Five-times South American champions Penarol set up a classic Libertadores Cup final against Santos on Thursday, the Uruguayans advancing on the away-goals rule despite losing 2-1 to favorites Velez Sarsfield.
Velez, champions in 1994, beat Penraol 2-1 in an exciting second leg of their semi-final at the Fortin, but the visitors edged the tie after registering a 1-0 victory in Montevideo.
Penarol, who lifted the last of their titles in 1987, will meet twice champions Santos over two legs in the final after the Brazilians beat Paraguay’s Cerro Porteno 4-3 on aggregate on Wednesday.
It will be the second final meeting between the sides in 49 years after Pele’s Santos beat Penarol in 1962.
Velez will pinpoint three key moments that cost them a chance of victory: when they first had a goal disallowed for offside, had central defender Fernando Ortiz sent off in the 69th minute and then saw striker Santiago Silva miss a late penalty that would have put the Argentine’s through.
Penarol shocked Velez by taking the lead in the 34th minute to move 2-0 ahead on aggregate, just reward for their better play up to that point.
Alejandro Martinuccio linked in the middle with fellow striker Juan Manuel Olivera and fed the ball left, where midfielder Matias Mier shot under goalkeeper Marcelo Barovero.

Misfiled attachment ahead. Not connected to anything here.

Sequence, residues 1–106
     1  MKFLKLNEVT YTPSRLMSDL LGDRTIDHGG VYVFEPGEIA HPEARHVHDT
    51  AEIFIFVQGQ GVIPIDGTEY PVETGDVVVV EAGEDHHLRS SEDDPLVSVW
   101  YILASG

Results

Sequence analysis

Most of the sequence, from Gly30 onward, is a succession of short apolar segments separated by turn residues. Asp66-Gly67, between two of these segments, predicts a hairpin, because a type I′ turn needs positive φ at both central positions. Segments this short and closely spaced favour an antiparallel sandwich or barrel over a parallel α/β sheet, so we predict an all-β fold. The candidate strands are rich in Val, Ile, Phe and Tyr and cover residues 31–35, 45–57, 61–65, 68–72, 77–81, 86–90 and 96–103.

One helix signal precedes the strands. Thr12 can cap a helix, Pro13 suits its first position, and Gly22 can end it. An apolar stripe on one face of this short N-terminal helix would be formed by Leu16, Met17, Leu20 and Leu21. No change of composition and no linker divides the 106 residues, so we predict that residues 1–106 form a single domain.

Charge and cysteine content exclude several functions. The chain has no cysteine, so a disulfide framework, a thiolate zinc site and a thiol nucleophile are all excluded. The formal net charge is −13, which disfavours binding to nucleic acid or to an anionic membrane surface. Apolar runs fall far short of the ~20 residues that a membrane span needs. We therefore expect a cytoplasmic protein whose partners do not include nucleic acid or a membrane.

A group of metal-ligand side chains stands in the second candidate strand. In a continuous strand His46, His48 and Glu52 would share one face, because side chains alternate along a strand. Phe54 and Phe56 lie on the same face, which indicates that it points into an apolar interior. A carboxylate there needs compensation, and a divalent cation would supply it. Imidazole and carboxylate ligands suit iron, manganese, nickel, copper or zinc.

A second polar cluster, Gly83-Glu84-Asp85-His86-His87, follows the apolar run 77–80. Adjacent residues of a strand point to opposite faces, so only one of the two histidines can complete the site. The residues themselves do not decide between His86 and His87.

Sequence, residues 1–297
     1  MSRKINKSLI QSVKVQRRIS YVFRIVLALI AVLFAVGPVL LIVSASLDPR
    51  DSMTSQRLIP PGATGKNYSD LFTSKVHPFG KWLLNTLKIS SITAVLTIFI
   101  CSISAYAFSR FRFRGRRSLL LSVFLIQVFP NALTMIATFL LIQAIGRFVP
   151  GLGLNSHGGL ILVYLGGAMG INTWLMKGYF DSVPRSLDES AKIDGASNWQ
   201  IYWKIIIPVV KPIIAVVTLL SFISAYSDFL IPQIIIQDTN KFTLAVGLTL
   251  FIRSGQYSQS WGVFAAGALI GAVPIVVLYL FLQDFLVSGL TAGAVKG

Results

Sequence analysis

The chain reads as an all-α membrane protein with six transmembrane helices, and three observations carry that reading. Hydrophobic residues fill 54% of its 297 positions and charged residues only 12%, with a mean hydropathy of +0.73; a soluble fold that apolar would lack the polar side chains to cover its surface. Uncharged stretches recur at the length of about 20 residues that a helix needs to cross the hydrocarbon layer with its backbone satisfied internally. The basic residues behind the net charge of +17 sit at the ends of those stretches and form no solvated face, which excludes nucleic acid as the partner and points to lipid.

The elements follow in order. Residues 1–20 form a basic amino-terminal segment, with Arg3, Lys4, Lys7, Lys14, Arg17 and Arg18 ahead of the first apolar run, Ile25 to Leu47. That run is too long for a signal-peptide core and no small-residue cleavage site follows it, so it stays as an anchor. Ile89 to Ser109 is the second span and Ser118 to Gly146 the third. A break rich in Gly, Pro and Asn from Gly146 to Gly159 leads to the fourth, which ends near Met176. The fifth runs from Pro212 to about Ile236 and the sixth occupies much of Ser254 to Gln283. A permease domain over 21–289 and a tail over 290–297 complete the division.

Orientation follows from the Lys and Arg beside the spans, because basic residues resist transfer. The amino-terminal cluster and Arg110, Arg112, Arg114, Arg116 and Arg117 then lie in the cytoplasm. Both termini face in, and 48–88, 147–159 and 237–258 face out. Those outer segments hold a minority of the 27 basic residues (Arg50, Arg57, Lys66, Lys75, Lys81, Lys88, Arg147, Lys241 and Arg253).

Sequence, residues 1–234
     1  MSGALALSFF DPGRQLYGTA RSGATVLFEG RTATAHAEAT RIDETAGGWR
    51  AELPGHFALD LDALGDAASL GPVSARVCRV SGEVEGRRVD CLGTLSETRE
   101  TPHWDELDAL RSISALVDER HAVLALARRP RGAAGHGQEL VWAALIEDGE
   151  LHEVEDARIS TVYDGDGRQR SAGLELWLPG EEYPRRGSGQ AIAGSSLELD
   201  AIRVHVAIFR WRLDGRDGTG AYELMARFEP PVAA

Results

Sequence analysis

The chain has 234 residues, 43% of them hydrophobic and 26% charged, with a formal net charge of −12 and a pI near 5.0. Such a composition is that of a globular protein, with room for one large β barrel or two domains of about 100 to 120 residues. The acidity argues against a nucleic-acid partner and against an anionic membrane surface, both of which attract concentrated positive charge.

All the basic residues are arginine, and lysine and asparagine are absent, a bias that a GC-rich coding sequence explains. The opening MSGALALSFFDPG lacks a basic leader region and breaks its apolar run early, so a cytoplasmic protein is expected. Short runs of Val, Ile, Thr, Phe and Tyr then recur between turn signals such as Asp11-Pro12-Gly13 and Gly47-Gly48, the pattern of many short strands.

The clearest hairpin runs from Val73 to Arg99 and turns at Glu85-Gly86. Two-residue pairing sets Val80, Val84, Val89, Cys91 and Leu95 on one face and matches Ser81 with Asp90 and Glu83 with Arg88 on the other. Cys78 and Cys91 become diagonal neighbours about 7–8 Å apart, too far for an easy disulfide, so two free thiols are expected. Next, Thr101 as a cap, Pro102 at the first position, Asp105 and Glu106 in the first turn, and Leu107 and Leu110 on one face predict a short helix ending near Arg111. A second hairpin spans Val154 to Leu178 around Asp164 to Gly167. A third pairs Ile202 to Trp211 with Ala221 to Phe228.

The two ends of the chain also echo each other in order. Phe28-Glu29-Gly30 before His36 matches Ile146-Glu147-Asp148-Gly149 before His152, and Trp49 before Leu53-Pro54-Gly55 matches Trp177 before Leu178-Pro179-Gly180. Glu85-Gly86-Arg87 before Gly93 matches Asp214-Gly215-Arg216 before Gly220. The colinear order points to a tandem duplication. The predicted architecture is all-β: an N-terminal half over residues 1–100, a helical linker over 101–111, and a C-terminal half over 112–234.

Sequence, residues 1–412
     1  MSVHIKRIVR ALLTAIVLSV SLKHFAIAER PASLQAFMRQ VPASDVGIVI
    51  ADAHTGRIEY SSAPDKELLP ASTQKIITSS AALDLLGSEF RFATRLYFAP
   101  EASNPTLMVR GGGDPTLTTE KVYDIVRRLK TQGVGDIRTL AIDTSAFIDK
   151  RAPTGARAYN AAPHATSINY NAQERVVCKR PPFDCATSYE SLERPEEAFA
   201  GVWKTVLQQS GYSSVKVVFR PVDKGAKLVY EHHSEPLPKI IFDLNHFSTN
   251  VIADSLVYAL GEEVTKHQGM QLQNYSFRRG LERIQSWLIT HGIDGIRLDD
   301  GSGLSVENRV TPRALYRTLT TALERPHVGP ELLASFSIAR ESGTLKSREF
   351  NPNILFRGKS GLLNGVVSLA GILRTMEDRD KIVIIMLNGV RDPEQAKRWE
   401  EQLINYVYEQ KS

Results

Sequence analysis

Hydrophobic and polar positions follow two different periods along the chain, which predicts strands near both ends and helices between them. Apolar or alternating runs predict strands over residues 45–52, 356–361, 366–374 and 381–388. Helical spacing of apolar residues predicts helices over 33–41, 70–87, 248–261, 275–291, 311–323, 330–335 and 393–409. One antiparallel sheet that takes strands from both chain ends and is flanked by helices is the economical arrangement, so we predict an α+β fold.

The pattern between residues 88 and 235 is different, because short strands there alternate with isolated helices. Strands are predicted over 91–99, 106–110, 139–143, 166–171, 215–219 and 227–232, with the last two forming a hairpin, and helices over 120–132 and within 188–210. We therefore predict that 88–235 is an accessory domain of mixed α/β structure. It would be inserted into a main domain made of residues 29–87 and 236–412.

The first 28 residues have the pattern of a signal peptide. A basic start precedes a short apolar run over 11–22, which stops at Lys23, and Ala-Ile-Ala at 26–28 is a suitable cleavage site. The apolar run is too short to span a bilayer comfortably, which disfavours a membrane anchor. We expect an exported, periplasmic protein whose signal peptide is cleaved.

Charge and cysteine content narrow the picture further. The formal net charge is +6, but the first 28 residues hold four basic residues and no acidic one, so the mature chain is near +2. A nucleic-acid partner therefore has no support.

Velez striker Juan Manuel Martinez had a goal disallowed near the end of the first half for offside — an incorrect decision according to video replays — and tempers flared just before halftime when Silva went down with his marker Carlos Valdez and the home side claimed a penalty.
However, the Argentine side equalized in first-half injury time when goalkeeper Sebastian Sosa failed to hold a Maxi Moralez free kick and substitute right back Fernando Tobio bundled the ball in.
Olivera missed a good chance to put the match beyond Velez in the 67th minute when Argentine Martinuccio set him up with only Barovero to beat, but he sliced his shot wide.
Within a minute, Silva had fired Velez in front off the post, but the joy was short-lived when Ortiz was dismissed minutes later for a foul on Martinuccio, having been shown his first yellow card in the first half for dissent.
Martinez earned 10-man Velez a penalty with a quarter of an hour remaining and a chance to go ahead for the first time in the tie when he was brought down on the edge of the box.
However, when Uruguayan Silva took the spot-kick, his supporting foot slipped as he shot and the ball ballooned over the bar.
The Uruguayans’ joy at the final whistle, not least their brilliant 45-year-old coach Diego Aguirre, who scored the winning goal for their 1987 title-winning side, contrasted dramatically with the pain on the faces of the Velez fans.
“I’m very happy going back to a final with Penarol with all the history we have,” Aguirre said.
“It was obvious we didn’t come here to defend, we came to play, as we have done up to now. That’s why I think it’s right that we should be living this dream,” he told Fox Sports. “I’m proud to be with this group [of players] who are returning to the glory [days] we had a long time ago.”